Correctional Services Minister, Ms Nosiviwe Mapisa-Nqakula - MP, says the Department of Correctional Services is gearing for the implementation of the Constitutional Court decision on parole for lifers
25 Oct 2010
Since the coming into force of the 1998 Correctional Services Act offenders sentenced to life incarceration before 1 October 2004 had to serve a minimum detention period of 20 years before being eligible for consideration for placement on parole.
On 30 September 2010, the Constitutional Court made a ruling in the case of Van Vuren v Minister of Correctional Services and others.
This ruling has brought about a change in the manner in which inmates sentenced to life incarceration before 1 October 2004 must be considered for placement on parole.
In summary the Constitutional Court held as follows:
The minimum detention period for inmates sentenced to life before 1 October 2004 is no longer a blanket 20 year period.
The court held that in order for the provisions of the Act to be constitutional it must be interpreted as stating that inmates sentenced to life before 1 October 2004 must be considered for placement on parole in accordance with the legislative provisions and policies applicable on the date of sentencing.
The court arrived at this interpretation based on the fact that sentenced offenders should benefit from the least severe prescribed punishment applicable at the time of sentencing.
As a result the Constitutional Court identified three distinct policy periods applicable to lifers sentenced before 1 October 2004:
- Inmates sentenced to life between 1 August 1987 and 1 March 1994 – these inmates now qualify for consideration for placement on parole after having served at least 10 years but placement on parole may only in exceptional cases take place before 15 years
- Inmates sentenced to life between 1 March 1994 and 3 April 1995 – these inmates qualify for consideration for placement on parole after having served at least 20 years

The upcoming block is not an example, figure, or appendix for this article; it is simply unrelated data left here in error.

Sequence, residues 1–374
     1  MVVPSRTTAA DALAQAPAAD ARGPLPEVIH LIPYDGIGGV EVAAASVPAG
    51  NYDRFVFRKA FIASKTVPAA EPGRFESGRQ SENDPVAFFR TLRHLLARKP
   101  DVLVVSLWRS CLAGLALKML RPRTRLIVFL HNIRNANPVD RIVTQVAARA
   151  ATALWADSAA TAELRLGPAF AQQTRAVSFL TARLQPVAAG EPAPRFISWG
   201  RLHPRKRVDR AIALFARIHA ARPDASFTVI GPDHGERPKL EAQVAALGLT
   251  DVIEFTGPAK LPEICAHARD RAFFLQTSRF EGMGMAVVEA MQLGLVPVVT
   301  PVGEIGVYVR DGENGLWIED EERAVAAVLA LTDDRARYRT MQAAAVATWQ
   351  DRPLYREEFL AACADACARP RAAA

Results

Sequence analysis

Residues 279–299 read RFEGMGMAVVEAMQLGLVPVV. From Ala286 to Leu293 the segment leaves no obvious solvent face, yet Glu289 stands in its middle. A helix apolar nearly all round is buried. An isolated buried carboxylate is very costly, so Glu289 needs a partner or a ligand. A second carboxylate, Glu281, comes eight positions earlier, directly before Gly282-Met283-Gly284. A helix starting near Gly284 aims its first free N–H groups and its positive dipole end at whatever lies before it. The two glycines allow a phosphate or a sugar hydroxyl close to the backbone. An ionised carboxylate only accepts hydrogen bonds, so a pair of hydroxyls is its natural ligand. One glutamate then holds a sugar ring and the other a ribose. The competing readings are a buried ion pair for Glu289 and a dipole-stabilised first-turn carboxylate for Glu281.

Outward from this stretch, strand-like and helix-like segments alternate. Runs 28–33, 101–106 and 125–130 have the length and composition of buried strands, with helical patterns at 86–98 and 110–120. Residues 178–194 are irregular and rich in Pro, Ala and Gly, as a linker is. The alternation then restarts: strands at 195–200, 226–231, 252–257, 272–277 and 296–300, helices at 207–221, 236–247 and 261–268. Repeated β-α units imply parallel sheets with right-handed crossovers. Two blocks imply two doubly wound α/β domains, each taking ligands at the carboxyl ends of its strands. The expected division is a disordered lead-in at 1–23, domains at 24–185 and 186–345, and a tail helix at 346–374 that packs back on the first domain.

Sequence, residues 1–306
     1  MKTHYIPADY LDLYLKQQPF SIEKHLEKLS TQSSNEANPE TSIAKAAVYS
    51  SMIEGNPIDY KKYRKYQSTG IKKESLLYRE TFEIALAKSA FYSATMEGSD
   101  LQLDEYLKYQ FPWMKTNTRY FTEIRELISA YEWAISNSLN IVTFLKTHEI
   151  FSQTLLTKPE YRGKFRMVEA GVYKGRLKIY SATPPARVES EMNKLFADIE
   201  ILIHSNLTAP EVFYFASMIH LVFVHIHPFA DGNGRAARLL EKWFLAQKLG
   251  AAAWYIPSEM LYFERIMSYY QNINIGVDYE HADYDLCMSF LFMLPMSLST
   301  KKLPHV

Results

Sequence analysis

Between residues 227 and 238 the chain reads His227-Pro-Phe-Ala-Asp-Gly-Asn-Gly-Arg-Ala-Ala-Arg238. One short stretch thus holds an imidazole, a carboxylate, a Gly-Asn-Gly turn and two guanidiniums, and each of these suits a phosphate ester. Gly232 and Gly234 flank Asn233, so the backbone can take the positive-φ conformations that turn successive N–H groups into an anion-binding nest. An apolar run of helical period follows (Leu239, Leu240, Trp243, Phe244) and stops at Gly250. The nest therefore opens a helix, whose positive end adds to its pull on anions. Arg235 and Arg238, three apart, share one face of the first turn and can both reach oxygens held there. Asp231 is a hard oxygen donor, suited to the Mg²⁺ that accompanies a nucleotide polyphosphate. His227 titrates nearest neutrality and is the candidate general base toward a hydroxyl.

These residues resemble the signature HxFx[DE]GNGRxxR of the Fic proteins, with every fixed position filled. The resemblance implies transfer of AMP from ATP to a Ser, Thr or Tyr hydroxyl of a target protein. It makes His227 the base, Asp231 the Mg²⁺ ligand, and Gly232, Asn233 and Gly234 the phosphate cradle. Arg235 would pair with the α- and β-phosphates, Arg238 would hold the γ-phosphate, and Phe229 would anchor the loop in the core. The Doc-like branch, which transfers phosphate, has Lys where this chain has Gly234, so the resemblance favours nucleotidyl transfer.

- Inmates sentenced to life between 3 April 1995 and 1 October 2004 – these inmates qualify for consideration for placement on parole after having served at least 20 years, provided that in exceptional cases it can be done earlier (the policy stipulates these exceptions)
In order to give effect to the court’s judgment the following steps have and will be taken:
- An audit is being has been undertaken of all inmates sentenced to life before 1 October 2004, in accordance with the time periods indicated above
- A circular will be sent out to direct all regions to prioritise the consideration of placement on parole of inmates sentenced to life before 1 October 2004 based upon the policies and provisions applicable on the date of sentencing
- The basic impact of the decision is that inmates sentenced between 1987 and 1994 who would not necessarily have appeared before a Parole Board as yet, in terms of the 20 year policy that was applied, must now be prioritised for consideration by the different case management committees.
This judgment must however not be understood to mean that any inmate sentenced to life incarceration before 1 October 2004 has a right to be placed on parole or day parole.
All this judgment intends to facilitate is that inmates sentenced to life incarceration during different periods when different legislative and policy provisions applied have a right to be considered for placement on parole after having served the minimum detention period applicable to their specific circumstances.
Tel: 012 305 8850
Cell: 082 045 3963
Issued by: Department of Defence
25 Oct 2010
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